RUMFORD – When Mollie Kaubrys ran for Student Council president last month, her platform included a plank that called for the organization to sponsor more activities than just dances.

The senior from Rumford wanted the students at Mountain Valley High School to make a difference in the appearance of their school.

On Friday, her idea went full throttle as her campaign promise was fulfilled. The school’s nearly 600 students took part in Make A Difference Day, the day before the National Make A Difference Day. Some painted the bathrooms, others planted trees and flower bulbs, a few dusted and cleaned, others swept the driveway, and some created new art on the school’s corridor walls.

Kaubrys plans to attend American University next year studying international relations, taking part in politics, and perhaps serving as an ambassador someday or running for public office.

She believes individuals can make a difference and gets frustrated when young people can’t wait to turn 18 so they can gamble or buy cigarettes, instead of being thankful they can vote.

“This is a democracy. I can make a difference. Anyone can run. It’s a great thing we have, this freedom,” she said.

Her activism and belief that anyone can make a difference in their world carried over to the Make A Difference Day at the high school. She and Student Council secretary Taylor Smith, along with other council members, brainstormed to come up with ideas so that every student would have a job. Money came from admission fees to the homecoming dance last month and donations from businesses.

Advisor Carrie Youcis, a social studies teacher, helped coordinate the event. She was the teacher who, with a group of Mountain Valley students, traveled to New Orleans earlier in the year to help Hurricane Katrina victims.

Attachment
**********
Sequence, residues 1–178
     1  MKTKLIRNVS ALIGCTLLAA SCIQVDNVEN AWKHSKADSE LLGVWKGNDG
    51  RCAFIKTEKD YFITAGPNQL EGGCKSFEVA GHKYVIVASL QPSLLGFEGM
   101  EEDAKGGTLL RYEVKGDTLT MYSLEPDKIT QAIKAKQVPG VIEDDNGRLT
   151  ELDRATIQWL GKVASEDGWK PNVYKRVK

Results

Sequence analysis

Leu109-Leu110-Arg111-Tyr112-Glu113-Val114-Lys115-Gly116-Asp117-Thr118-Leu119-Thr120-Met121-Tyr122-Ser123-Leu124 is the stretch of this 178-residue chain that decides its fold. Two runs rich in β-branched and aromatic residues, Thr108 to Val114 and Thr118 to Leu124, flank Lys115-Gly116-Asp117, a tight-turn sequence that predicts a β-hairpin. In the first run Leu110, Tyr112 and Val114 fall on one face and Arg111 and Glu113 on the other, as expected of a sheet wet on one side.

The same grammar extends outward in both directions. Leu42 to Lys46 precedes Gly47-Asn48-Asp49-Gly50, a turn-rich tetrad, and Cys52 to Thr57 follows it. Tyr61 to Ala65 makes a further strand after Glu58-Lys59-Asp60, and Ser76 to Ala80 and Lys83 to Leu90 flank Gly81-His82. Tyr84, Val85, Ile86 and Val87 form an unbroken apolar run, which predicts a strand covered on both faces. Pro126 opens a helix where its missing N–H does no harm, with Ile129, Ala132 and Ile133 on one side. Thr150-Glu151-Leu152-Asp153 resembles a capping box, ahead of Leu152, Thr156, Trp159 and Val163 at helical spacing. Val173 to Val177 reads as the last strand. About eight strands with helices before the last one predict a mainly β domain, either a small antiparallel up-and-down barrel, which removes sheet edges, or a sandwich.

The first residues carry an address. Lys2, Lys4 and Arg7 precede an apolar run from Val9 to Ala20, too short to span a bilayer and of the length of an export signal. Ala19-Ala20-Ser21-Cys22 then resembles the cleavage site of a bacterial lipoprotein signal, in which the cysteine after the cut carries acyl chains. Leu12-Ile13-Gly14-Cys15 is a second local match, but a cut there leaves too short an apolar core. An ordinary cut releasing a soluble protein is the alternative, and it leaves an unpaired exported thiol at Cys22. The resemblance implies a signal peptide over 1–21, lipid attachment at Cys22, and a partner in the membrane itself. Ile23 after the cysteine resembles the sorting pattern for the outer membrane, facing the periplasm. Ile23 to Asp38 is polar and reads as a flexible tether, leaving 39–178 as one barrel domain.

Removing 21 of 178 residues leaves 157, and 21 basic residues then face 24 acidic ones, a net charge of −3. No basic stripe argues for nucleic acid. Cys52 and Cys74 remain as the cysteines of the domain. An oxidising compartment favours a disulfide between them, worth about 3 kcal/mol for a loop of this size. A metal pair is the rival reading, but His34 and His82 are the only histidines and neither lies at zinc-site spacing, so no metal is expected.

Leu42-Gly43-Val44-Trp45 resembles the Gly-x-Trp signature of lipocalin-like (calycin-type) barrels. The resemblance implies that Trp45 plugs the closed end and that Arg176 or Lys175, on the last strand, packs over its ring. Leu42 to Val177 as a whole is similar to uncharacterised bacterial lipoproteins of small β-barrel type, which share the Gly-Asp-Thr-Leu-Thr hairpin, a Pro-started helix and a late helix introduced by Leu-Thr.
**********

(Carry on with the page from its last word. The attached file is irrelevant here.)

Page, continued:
Travis Durgin, a senior, decided to take part in repainting the girls’ bathroom. Cans of hot pink, light blue, purple and lime green paint were popped open by students and teacher advisors as brushes were whipped out to paint each of the stall doors a different shade and brighten trim and window frames.

“This is the only time we’re legally allowed in the girls’ bathroom,” Durgin quipped. “It’s good for our school because it gets students to help out.”

Both boys and girls were also painting the adjacent boys’ bathroom, with shades of green. Outside, dozens of were sweeping the driveway, digging holes and planting trees, bushes and bulbs.

Kendall Boudreau, a sophomore, was intent on digging a hole large enough for planting a rhododendron. “Is this big enough?” he asked a nearby educational technician. It was, and in the plant went.

Near the front of the school, sophomore Audrey Morin was planting yellow tulips. In the back, freshmen Lauren White and Angela Cahill were sprucing up the area next to the foundation by planting daffodils.

Principal Matt Gilbert was pleased to see the intensity of the students.

“It such a positive project,” he said.

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